1. Section Editor(s): Palatnik, AnneMarie MSN, APN, ACNS-BC

Article Content

"Imagine all the people living life in peace.

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You may say I'm a dreamer, but I'm not the only one. I hope someday you'll join us, and the world will live as one."


-"Imagine," by John Lennon, 1971


Wyoming college student Matthew Shepard was beaten to death in 1998 because he was gay. Rutgers college student Tyler Clementi jumped to his death in 2010 from the George Washington Bridge after his roommate used a web cam to view Tyler kissing another man, then talked about it on social media. Rutgers basketball coach Mike Rice was fired in April for physically abusing his players and verbally abusing them using antigay slurs. Also in April, basketball player Jason Collins became the first professional athlete to "come out" during his professional career. Collins wears number 98 on his jersey in recognition of the year Matthew Shepard was killed. Some have said that Collins is paving the way for lesbian, gay, bisexual, transgender, queer, or questioning (LGBTQ) athletes the way that Jackie Robinson paved the way for black professional athletes.


I truly struggle with our nation's inability to accept people as they are, and I worry about the effect this has on the care that we provide for our patients. If it takes a major sports figure to "come out" to help us toward that general acceptance, then it's a good thing. But I think that as a profession, we need to expand our culturally appropriate nursing care to include LGBTQ patients.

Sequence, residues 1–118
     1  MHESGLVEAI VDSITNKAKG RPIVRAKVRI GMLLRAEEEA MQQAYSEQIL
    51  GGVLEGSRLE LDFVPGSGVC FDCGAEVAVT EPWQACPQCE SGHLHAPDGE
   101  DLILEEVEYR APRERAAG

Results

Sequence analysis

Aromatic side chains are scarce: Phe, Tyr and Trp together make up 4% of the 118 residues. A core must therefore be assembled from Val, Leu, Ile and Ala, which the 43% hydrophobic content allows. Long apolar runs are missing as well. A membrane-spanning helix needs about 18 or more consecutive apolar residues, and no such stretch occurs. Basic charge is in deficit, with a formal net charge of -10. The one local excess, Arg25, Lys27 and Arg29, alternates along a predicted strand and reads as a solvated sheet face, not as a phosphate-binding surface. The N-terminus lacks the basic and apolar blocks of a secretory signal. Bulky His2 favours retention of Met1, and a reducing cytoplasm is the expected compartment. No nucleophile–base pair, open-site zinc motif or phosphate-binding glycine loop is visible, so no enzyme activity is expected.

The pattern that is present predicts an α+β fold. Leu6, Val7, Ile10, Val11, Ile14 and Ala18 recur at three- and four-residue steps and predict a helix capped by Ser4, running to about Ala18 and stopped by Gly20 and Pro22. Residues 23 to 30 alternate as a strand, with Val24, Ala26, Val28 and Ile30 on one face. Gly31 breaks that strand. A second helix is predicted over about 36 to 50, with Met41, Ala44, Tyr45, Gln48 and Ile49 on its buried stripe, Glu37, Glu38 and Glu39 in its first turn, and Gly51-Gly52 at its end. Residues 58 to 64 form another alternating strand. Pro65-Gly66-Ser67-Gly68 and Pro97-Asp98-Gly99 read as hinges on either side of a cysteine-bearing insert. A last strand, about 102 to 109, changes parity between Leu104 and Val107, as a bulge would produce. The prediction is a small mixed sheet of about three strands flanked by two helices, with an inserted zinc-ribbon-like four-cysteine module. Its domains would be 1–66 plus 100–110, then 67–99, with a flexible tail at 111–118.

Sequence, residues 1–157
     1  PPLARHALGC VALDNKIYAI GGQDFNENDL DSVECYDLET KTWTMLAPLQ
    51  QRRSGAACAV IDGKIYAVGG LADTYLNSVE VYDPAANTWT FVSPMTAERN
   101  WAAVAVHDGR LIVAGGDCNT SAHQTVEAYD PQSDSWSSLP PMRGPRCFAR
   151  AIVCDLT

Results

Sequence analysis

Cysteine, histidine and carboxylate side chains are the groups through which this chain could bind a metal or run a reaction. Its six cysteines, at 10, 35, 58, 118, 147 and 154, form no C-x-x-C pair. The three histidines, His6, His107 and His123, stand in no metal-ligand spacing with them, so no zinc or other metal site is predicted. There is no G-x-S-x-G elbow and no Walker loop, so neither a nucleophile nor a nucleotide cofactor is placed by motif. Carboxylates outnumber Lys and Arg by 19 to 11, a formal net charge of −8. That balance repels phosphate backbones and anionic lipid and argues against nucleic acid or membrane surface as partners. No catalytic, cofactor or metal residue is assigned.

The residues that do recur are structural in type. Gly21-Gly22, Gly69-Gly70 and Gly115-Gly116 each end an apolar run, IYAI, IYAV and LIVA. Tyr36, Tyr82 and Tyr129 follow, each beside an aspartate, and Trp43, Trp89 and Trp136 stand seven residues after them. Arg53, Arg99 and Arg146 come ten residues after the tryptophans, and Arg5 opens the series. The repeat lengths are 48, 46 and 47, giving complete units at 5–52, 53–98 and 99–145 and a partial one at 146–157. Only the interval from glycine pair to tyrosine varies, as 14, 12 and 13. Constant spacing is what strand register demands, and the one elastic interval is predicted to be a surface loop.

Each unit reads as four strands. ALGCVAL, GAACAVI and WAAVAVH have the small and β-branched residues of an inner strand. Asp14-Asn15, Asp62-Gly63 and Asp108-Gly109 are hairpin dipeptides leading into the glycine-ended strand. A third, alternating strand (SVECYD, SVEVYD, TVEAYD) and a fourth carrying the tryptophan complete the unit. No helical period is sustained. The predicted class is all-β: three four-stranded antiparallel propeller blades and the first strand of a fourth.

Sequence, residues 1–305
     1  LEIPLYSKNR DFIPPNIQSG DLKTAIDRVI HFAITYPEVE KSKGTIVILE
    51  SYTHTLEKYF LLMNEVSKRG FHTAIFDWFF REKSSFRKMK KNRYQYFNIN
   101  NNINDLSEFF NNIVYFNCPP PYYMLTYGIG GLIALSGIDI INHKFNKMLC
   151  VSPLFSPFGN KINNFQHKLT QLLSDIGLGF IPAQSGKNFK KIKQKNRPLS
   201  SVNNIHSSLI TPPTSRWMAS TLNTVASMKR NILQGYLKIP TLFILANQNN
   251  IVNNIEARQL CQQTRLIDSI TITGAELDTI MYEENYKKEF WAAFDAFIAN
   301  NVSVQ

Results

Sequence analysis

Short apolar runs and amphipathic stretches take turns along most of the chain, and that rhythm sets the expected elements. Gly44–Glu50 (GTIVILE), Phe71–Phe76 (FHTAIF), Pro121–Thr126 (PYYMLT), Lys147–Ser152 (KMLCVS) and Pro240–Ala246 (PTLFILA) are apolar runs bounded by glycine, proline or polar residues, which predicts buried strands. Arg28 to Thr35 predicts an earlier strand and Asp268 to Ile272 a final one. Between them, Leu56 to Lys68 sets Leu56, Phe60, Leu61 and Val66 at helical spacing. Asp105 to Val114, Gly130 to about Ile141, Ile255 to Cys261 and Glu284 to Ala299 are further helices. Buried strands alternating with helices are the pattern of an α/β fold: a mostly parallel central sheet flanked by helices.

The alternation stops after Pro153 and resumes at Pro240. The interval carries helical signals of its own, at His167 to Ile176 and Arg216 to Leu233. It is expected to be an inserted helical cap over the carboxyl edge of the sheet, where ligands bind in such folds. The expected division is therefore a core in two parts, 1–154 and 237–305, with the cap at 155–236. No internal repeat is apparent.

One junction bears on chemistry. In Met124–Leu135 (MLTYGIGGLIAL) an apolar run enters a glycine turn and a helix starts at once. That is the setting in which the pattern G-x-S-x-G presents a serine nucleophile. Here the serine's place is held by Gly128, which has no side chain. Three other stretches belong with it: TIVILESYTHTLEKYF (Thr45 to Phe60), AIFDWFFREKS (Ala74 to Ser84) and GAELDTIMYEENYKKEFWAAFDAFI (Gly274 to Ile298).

This month we have an exceptional article on page 14, "Reaching out to lesbian, gay, bisexual, transgender, queer, or questioning patients." Two things in this article really resonated with me. First, the authors state, "Researchers have clarified the concepts of sexuality, sexual orientation, gender, and gender identity, and agree that individual sexual orientations and gender identities aren't lifestyles or preferences, but an integral part of the person." The second thing that struck me was that when we consider the family of this population, we need to consider the family of choice, not only the birth family or family of origin.


Please take the time to read the article and think about the implications of the information to your practice and the practices in your clinical area. This is an opportunity to take one small step toward helping people live life in peace, and the world to live as one.


Until the next time, accept your patients as they are, don't pass judgment, and be great advocates for all of your patients!


AnneMarie Palatnik, MSN, APN, ACNS-BC

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LGBTQ Nation.